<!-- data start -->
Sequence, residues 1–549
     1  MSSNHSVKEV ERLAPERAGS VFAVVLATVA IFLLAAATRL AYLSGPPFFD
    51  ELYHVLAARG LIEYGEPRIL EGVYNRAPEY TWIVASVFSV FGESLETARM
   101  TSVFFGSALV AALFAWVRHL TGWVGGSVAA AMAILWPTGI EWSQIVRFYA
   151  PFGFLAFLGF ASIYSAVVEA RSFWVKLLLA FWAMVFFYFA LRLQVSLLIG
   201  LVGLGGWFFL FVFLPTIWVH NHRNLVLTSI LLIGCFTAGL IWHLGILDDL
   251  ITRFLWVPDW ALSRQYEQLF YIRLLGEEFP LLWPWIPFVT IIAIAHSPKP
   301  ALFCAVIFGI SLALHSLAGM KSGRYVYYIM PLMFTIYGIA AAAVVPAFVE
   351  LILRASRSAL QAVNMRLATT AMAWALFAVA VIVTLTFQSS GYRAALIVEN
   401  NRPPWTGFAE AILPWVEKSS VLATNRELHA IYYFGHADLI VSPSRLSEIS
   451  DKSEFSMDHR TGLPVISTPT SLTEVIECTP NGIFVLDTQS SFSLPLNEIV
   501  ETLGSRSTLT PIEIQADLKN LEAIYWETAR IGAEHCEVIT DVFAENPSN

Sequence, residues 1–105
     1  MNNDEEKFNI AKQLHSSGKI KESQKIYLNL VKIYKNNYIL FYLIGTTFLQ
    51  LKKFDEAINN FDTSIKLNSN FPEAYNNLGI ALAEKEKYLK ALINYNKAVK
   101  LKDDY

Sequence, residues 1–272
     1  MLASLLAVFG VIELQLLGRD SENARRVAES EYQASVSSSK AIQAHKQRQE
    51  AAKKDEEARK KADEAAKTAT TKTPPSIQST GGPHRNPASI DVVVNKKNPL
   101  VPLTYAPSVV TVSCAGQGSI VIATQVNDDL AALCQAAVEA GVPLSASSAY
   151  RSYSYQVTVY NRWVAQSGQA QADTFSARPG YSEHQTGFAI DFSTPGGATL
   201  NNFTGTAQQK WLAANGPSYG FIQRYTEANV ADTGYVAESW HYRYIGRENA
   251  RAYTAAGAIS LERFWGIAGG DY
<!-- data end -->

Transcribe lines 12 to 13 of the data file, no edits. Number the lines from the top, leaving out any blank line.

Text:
   501  ETLGSRSTLT PIEIQADLKN LEAIYWETAR IGAEHCEVIT DVFAENPSN

Sequence, residues 1–105